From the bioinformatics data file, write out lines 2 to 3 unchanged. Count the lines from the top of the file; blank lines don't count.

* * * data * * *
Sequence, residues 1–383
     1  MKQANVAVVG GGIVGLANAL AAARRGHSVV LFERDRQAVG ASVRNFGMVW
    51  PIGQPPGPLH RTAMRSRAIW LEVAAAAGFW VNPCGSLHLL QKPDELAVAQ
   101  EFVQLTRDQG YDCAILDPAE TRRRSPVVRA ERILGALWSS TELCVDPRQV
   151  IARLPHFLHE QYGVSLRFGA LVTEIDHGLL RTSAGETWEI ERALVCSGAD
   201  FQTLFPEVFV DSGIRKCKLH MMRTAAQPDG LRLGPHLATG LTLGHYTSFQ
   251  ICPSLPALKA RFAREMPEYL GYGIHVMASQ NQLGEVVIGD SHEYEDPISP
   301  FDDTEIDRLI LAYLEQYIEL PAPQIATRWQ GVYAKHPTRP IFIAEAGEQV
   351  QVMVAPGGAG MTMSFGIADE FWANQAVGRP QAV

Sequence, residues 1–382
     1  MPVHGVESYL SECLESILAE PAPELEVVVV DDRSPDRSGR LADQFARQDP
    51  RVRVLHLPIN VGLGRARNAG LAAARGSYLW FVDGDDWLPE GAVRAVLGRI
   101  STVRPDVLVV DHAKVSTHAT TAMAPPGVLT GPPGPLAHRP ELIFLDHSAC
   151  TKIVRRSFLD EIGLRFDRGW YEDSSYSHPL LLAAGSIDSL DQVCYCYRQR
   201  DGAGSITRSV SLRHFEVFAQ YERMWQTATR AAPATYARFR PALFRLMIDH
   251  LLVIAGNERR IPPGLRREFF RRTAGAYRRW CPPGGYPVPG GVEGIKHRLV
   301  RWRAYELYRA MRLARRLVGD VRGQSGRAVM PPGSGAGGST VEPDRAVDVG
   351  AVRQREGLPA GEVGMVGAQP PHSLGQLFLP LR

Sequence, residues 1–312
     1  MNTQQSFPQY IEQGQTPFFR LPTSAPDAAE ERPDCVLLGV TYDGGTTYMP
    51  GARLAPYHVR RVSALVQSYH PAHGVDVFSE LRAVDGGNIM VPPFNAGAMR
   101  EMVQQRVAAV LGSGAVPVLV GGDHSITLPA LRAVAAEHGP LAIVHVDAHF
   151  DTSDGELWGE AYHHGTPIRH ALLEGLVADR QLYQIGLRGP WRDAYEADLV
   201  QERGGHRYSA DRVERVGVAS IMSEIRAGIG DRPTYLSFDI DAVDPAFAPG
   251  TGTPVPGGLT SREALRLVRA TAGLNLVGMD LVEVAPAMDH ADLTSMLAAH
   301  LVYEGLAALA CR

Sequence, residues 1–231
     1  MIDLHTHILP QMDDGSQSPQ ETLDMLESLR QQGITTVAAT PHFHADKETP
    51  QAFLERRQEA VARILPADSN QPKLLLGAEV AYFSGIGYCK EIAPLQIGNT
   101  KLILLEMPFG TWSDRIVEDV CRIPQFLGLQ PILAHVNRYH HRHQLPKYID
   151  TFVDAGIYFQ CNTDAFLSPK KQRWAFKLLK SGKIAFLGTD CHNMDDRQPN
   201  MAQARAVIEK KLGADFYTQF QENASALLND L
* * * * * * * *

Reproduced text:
     1  MKQANVAVVG GGIVGLANAL AAARRGHSVV LFERDRQAVG ASVRNFGMVW
    51  PIGQPPGPLH RTAMRSRAIW LEVAAAAGFW VNPCGSLHLL QKPDELAVAQ